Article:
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OLD_Spring 2012 Syllabus

CUNY Graduate School of Journalism Jour72311 Video Storytelling for the Web, 3 credits
Spring 2012 Syllabus, Thursday  9.30-12.20, room 436

Instructor: Bob Sacha:  bio and examples of work ,  best contact=  bob.sacha@journalism.cuny.edu

Office hours: Wednesday, 1.30-5.00, in the cubicle farm near West 40th  ( or by appointment or Skype.)  If you’re completely desperate, my mobile is 1.917.969.0201 but email is best.

*** Please view this syllabus as a work in progress. Things can change but the assignments & deadlines will not change.***

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Course Objectives

This is a class firmly rooted in journalism. Students will learn to research, report, shoot, and edit short, focused video stories designed specifically for the web. This class will build on the basic video concepts and skills taught in first semester interactive and broadcast craft classes — using video cameras and editing in Final Cut Pro, shooting, transcribing and editing video for compelling visual journalism, telling successful stories through  strong characters, and basic interview skills — and move on to more advanced techniques in  these  areas.

Because web viewers demand highly engaging material, with a fast start, sharp focus, short narrative, and natural voices, students will focus on capturing stories with strong visuals and ambient audio of people personally affected by issues. We will focus on the concept of subjects telling their stories in their own voices, without heavy narration or a reporter on camera.

Students will work in pairs at the beginning but solo by the end, to prepare them for the major shift in journalism requiring one reporter to be highly skilled in many jobs. They will also learn how to freelance pieces to meet the growing demand for professional-quality video for a  growing number of websites.

We’ll be using Canon DSLR cameras to shoot HD video, staying ahead of the industry trend.

 

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Course Outcomes:

At the end of this course, students will be able to:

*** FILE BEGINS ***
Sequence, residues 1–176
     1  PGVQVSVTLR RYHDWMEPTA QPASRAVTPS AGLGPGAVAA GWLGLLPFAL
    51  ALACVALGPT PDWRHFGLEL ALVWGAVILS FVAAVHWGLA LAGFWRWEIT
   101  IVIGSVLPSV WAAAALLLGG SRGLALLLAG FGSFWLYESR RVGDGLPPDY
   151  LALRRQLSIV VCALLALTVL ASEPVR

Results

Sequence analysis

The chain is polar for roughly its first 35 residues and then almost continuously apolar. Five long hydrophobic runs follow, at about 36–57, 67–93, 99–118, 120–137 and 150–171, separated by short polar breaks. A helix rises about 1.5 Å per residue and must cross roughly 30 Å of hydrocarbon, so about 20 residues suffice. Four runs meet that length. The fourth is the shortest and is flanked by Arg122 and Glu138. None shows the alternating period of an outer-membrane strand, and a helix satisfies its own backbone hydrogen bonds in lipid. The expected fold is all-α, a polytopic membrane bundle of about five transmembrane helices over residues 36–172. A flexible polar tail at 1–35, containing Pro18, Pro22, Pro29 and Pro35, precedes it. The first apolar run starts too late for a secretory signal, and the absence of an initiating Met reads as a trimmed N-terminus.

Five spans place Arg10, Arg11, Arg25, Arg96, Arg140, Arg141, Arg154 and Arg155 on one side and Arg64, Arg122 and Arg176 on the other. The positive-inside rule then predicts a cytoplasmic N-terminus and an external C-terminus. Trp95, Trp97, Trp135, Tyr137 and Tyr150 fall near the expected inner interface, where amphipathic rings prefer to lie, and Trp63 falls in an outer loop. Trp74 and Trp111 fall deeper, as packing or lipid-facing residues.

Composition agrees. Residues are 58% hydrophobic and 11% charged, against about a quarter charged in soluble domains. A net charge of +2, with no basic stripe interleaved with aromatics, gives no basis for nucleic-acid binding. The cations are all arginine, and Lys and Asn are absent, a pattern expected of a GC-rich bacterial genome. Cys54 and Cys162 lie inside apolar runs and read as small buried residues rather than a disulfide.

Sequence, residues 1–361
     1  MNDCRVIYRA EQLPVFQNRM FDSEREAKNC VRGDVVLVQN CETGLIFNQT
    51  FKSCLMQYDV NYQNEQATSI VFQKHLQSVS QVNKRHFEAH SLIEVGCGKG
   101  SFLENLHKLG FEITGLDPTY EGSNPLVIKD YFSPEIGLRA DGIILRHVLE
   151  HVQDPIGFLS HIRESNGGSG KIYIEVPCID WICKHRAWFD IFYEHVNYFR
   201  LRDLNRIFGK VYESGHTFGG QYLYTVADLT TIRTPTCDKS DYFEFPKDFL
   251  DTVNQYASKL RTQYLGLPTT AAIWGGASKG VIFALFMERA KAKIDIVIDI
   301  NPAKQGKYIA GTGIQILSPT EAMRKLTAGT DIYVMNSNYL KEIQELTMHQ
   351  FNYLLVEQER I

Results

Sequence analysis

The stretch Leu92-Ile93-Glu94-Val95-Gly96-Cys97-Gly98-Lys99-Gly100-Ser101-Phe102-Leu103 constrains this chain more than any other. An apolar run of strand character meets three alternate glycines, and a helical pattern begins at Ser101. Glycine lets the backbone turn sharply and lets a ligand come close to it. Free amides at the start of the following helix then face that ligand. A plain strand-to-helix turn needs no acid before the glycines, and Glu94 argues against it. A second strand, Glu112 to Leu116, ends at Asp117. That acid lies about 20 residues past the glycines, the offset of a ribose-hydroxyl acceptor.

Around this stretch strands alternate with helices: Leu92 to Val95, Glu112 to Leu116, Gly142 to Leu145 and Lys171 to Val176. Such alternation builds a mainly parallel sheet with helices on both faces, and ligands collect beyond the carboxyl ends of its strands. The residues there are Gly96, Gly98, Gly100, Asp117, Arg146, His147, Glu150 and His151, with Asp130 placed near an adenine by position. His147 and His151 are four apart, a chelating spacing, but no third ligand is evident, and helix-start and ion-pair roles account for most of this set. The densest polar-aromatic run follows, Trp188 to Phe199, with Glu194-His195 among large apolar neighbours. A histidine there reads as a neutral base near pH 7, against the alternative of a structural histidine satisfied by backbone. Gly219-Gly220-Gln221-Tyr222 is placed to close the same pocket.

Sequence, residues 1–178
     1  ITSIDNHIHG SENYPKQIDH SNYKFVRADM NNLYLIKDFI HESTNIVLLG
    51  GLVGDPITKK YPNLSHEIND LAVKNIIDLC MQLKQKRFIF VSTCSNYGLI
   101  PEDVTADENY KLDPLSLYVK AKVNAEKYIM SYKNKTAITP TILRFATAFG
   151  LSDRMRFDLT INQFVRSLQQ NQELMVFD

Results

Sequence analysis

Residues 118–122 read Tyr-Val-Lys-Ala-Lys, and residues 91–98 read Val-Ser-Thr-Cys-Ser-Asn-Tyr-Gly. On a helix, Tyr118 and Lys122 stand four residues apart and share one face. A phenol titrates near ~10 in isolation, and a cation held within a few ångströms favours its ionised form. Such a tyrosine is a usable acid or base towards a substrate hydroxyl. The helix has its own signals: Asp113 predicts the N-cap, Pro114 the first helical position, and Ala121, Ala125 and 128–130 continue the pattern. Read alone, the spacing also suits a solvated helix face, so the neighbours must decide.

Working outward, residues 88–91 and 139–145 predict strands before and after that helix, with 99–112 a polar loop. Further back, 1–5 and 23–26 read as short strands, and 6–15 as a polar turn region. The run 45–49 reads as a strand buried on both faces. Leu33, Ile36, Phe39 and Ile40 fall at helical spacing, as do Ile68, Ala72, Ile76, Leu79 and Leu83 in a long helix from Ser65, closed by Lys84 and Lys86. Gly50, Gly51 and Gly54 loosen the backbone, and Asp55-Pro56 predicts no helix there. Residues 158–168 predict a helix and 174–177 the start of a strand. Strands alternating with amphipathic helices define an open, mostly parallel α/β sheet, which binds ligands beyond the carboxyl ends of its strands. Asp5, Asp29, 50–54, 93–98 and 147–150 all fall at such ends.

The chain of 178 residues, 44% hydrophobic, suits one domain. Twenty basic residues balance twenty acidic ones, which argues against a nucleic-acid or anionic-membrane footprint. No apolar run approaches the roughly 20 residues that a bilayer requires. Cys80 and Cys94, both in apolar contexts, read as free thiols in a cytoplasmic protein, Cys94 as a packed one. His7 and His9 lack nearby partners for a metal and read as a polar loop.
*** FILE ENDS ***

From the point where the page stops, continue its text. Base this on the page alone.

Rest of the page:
• Identify current and future trends in web video
  • Report and research topic to strengthen the video capture, edit and presentation
  • Find the voice of the story and understanding structure
  • Produce tightly focused video pieces with compelling narratives arcs
  • Write short summaries of their stories and provide web links to additional info
  • Write effective headlines and subheads following the 60/160 length of SEO
  • Effectively edit video stories using several forms of media
  • Create strong video stories of several styles
  • Write title cards that are concise and clear to help move a story forward without narration
  • Develop editorial judgment to critique their own work and the work of others in the industry for video storytelling
  • Instruct and supervise fellow journalists in choosing stories that can become effective video stories and guide them in the production of those stories for the web.
  • Freelance refined video pieces for the web.

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Assignments:

This is a class that values good research and smart reporting. Visual storytelling is also key in the form of capturing compelling scenes and sequences and “visual evidence” of your story.

You will have three assignments in the class.

Each will consist of a short video (1-3 minutes)  for the web.

The assignment subjects will be, in order:

Assignment 1.  A Person

Assignment 2.  A Place

Assignment 3.  An issue

    • One of these projects must be done only with visual storytelling and without a sitdown,  formal interview.
    •  You must work as a team of two for the first assignment, but each person must cut their own verison in FCP.
    •  You must work solo for one the other two projects.
    • One of your three projects must use some still photography.

There will be milestones due almost every week for these projects.

These include:

- a 2 minute in class pitch based on your reporting and research plus a shot list

- a radio cut, with a full word-for-word transcript, uploaded to the VSW class vimeo site.